There’s been a steady movement toward cloud-based technology for the past decade. Now, in the midst of the COVID-19 pandemic, that shift has accelerated as governments race to provide essential services to a public forced to rethink many aspects of daily life.
If you’ve got your head in the clouds, you might not be familiar with the concept of cloud technology. In a nutshell, it refers to the on-demand delivery of technological resources via the internet. It’s based on a pay-as-you-go pricing model; rather than buying, owning and maintaining servers and data centers, businesses can access technology from cloud providers as needed, saving them money and encouraging innovation.
This has allowed governments to respond quickly to their citizens’ needs and deliver crucial public services during COVID-19 without having to buy and maintain their own equipment. As working from home and distance learning became the norm, many educational institutions and businesses learned their IT systems were outdated or unable to meet the increased demand. Cloud computing proved to be a viable solution; even when the pandemic subsides and things return to a new normal, cloud technology will continue to thrive.
Some of the cloud-based technological innovations likely to persist long-term include:
- Cloud-powered citizen hotlines. Despite the popularity of digital and online platforms, public hotlines remain an essential service. During lockdown, public call centers such as unemployment hotlines were overburdened as the number of callers spiked, leading to excessive wait times. Cloud-based contact centers solve this problem by offering scalable and flexible methods of supporting customers via options that include phones, social media and chats. They can also be staffed by agents working remotely. Add in machine learning and artificial intelligence (AI) and businesses have access to a trove of data that can help them utilize their resources more effectively.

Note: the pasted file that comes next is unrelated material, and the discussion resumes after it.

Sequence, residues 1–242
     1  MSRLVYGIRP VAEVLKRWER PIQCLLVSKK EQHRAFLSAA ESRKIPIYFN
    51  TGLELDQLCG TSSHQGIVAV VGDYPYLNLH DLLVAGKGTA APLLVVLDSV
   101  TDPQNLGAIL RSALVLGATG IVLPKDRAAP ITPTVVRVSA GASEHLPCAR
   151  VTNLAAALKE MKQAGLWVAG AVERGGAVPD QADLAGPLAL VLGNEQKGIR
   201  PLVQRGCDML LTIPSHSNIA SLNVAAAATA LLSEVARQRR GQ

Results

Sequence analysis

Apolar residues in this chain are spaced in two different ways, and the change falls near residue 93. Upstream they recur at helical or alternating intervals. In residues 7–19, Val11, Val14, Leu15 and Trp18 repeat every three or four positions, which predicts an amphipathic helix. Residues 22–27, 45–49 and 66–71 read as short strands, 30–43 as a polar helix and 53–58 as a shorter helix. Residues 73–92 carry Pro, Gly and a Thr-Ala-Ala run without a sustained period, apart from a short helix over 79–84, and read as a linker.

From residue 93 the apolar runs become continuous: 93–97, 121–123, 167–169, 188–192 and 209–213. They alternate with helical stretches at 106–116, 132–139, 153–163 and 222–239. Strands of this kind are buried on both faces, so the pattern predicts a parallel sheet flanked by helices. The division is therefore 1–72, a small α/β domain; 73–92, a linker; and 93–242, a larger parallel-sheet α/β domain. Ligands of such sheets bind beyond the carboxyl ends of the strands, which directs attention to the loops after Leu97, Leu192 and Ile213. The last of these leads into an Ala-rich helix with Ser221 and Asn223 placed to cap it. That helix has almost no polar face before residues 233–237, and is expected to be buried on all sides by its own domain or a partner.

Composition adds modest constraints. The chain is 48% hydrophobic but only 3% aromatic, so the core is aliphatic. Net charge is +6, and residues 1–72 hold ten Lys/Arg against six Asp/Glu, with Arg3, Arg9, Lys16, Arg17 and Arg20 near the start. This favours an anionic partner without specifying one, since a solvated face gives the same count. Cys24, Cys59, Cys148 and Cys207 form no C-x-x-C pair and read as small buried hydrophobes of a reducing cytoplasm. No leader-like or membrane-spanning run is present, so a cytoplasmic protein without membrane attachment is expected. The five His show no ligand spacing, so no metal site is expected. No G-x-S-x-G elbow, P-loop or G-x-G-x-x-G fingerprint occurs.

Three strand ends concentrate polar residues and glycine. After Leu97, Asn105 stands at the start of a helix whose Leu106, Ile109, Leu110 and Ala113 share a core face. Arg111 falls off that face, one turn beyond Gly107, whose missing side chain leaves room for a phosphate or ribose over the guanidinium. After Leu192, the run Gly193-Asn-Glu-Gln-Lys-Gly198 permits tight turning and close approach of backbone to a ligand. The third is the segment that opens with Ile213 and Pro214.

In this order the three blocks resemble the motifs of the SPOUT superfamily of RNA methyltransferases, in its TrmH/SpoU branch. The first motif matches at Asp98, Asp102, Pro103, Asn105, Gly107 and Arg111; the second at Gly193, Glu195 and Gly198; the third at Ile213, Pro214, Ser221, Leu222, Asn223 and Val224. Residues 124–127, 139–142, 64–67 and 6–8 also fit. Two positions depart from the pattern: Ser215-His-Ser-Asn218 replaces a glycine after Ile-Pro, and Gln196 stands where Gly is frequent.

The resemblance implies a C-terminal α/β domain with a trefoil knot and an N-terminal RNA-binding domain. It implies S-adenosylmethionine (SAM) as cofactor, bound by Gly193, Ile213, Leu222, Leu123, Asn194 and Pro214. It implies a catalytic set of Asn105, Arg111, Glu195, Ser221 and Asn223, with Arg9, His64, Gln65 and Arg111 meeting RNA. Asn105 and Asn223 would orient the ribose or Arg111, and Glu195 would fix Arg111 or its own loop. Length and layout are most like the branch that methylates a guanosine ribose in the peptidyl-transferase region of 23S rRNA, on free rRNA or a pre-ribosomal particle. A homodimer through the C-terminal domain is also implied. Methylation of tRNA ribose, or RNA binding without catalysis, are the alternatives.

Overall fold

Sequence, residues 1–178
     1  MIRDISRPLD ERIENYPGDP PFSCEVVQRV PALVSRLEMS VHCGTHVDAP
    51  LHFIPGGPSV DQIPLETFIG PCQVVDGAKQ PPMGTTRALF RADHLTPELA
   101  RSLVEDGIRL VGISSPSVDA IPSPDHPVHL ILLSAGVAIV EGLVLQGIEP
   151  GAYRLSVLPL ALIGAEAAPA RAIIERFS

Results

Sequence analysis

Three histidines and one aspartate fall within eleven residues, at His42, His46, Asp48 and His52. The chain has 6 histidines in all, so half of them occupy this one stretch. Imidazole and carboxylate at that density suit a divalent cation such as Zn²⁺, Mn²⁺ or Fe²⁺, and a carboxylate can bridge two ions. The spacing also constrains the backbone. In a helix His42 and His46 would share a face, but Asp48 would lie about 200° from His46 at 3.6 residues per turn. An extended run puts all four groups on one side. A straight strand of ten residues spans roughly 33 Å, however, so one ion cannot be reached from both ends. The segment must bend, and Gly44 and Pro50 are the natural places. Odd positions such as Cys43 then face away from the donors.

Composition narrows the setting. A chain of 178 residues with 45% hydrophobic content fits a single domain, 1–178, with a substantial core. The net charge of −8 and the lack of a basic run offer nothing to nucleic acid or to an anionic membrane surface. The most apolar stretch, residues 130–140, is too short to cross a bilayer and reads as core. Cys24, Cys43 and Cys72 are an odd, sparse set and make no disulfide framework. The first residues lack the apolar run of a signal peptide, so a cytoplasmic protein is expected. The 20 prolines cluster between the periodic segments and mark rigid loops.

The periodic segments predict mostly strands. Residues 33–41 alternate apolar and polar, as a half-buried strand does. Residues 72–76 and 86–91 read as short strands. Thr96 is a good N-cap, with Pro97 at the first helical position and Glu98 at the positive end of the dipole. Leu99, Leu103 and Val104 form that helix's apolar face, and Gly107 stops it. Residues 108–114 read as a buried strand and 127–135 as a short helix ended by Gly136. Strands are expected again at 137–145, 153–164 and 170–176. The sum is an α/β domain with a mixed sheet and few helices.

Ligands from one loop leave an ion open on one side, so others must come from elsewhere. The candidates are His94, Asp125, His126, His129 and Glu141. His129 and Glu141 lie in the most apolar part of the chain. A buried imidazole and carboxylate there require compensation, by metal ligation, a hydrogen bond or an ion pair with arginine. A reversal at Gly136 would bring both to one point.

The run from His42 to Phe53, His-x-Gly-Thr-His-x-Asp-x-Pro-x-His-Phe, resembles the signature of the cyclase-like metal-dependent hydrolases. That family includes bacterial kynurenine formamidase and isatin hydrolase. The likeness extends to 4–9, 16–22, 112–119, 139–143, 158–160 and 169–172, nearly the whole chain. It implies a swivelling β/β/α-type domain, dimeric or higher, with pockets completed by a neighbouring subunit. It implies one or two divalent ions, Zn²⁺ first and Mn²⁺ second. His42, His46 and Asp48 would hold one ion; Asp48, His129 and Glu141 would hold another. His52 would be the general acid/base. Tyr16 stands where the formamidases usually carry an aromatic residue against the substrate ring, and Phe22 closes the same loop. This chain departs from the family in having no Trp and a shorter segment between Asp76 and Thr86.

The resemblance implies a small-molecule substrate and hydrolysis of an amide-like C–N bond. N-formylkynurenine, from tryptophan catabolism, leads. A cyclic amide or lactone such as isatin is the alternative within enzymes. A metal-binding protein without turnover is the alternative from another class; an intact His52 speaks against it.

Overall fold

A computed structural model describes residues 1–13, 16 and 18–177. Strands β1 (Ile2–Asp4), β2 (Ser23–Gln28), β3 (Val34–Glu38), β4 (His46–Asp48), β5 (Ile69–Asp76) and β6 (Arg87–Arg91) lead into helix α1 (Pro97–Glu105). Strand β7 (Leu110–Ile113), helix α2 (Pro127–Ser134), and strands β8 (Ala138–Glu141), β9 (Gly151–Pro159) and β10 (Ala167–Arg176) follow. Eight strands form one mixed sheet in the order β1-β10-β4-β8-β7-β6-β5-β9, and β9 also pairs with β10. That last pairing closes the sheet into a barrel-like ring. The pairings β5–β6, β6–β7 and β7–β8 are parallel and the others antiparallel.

- Machine learning for hospitals. As the pandemic overwhelmed the health care system, many providers relied on AI to help serve patients and provide relief for frontline workers. Cloud technology can be used to screen patients for symptoms, reducing health care workers’ exposure, provide real-time data on waiting times and allow patients to take advantage of telehealth services by connecting remotely from any device.
- Cloud-based learning. Schools have been deeply affected by COVID-19, with most struggling to figure out ways to ensure students receive the education they need. Online learning has been especially popular, but the increase in demand can prove to be a burden for many platforms. Cloud computing gives students and teachers continuous access to data, allowing virtual classrooms to succeed.
Innovation will continue to be key even as life returns to normal. The fast response to COVID-19 will help public sector organizations reduce costs and improve efficiency while creating all new ways of doing business.